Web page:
And whereas these ungodly persons esteem themselves the only happy men, and conclude thy people to be of all men the most miserable, because of the manifold persecutions and afflictions which they commonly suffer, and upon this account dispute against thy providence, so far is their opinion from the truth, that the contrary is most certain, that as their prosperity is a real mischief to them, so those afflictions of good men which are accompanied with Divine instructions are great and true blessings to them, themselves being judges.
For their present and short troubles prepare them for, and lead them to, true rest and blessedness, whilst the seeming felicities of the wicked make way for those tremendous judgments which God hath prepared for them.
Though God may for a time correct his, people, yet he will not utterly destroy them, as he will their enemies, but will in his time put an end to all their calamities.
But although the world is now full of unrighteous judgments, and even God himself seems not to judge and administer things justly, because he suffers his people to be oppressed, and the wicked to triumph over them, yet the state or things shall be otherwise ordered, God will declare himself to be a righteous Judge, and will advance and establish justice in the earth, and especially among his people.
Follow it, to wit, just judgment restored; they will all approve of it, and imitate this justice of God in all their actions, whereas the wicked will still do wickedly, as is said. Daniel 12:10, and in a land and state of uprightness will deal unjustly, and will not behold the majesty of the Lord, as it is Isaiah 26:10. Otherwise, shall follow him, to wit, the Lord, expressed Psalms 94:14, whose act is to bring judgment to justice. Whilst the wicked forsake God, these will cleave to him, as being confident that, howsoever he may suffer them to be oppressed for a season, yet he will in due time plead their cause, and bring forth their righteousness.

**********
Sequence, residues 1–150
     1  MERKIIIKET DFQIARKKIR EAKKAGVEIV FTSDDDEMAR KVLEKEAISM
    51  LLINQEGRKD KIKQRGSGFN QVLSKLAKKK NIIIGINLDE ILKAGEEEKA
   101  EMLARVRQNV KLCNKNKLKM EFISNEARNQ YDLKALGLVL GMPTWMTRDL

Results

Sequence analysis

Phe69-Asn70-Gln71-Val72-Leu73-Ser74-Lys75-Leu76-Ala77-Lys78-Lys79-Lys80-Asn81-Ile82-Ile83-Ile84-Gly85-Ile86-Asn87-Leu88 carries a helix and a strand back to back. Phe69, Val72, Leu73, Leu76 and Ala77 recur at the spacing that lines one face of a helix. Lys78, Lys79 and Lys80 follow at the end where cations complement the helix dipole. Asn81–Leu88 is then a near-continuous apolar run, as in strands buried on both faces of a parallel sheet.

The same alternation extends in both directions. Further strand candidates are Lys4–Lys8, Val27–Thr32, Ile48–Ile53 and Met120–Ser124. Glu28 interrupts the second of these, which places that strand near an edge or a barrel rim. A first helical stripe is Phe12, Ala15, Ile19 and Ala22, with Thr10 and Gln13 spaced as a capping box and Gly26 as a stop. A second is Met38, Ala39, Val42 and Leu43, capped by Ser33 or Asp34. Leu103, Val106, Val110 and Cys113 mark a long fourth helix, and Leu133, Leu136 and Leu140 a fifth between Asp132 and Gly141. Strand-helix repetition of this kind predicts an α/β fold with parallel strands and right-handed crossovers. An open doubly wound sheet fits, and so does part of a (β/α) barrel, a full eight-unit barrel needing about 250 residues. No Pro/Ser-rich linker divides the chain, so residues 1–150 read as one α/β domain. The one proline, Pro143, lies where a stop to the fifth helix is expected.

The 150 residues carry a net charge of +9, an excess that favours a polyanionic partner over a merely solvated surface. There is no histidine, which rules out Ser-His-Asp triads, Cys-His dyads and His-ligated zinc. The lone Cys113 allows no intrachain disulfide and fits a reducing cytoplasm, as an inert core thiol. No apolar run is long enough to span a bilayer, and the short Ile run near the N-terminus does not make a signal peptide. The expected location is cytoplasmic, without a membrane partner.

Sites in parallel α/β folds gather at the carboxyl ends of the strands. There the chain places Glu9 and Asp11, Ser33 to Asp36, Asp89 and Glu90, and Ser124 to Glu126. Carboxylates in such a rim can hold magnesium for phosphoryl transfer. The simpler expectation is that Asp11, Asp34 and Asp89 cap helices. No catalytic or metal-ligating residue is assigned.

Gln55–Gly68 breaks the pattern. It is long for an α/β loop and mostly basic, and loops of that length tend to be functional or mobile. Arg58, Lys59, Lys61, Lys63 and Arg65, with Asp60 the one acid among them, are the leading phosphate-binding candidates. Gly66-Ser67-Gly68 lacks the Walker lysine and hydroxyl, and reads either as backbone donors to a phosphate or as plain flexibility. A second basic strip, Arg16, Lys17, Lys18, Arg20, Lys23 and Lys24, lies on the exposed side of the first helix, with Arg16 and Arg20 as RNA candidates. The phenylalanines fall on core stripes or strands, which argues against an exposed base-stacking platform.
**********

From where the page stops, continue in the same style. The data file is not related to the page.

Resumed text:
To defend and help me. I looked hither and thither, and called to my friends for their help, saying,
Who will, & c.? but none of them appeared, but God alone helped me, as he saith in the next verse.
In the place of silence, to wit, the grave. Compare Job 3:17,Job 3:18; Psalms 88:12; Psalms 115:17.
My foot slippeth; I am now upon the point of falling into mischief and utter destruction.
In the multitude of my thoughts; whilst my heart was filled with various and perplexing thoughts, as this Hebrew word signifies, and tormented with cares and fears about my future state.
Thy comforts; thy promises contained in thy word, and set home by thy Spirit upon my soul, and the remembrance of my former experiences of thy care and kindness to me. Compare Psalms 119:50,Psalms 119:76.
Wilt thou take part with the unrighteous powers of the world, who oppress thy people? It is true, they partake of thy name, being called gods, Psalms 82:1, but I know thou wilt not afford them thy protection and patronage, but wilt manifest thy justice and displeasure against them. This seems to have been one of those comfortable thoughts wherewith the psalmist delighted his soul, as he now said.
Which frameth mischief; who devise wicked devices, and lay heavy burdens upon men that are more righteous than themselves.
By a law; either by virtue of those unrighteous decrees which they have made in form of laws; or by false pretences of law. Or, against law; against all right, and the laws both of God and men.
Against the soul; against the life, as the soul commonly signifies, and as the next clause explains it. They are not satisfied with the spoil of their estates, but do also thirst after their lives.
Condemn the innocent blood; they shed the blood of those innocent persons whom they have wickedly condemned. Innocent blood is here put for the blood or life of an innocent person, as it is also 1 Samuel 19:5; Matthew 27:4.
Their own iniquity, i.e. the fruit and punishment of their sins.
In their own wickedness; either in the midst of their sins; or by their own wicked devices, the mischief whereof he will cause to fall upon their own heads.
The Lord our God; the God of Jacob, of whom they said that lie did not see nor regard them, but now they find the contrary proved to their cost.
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Poole, Matthew, "Commentary on Psalms 94". Poole's English Annotations on the Holy Bible. https://studylight.org/
the Week of Proper 14 / Ordinary 19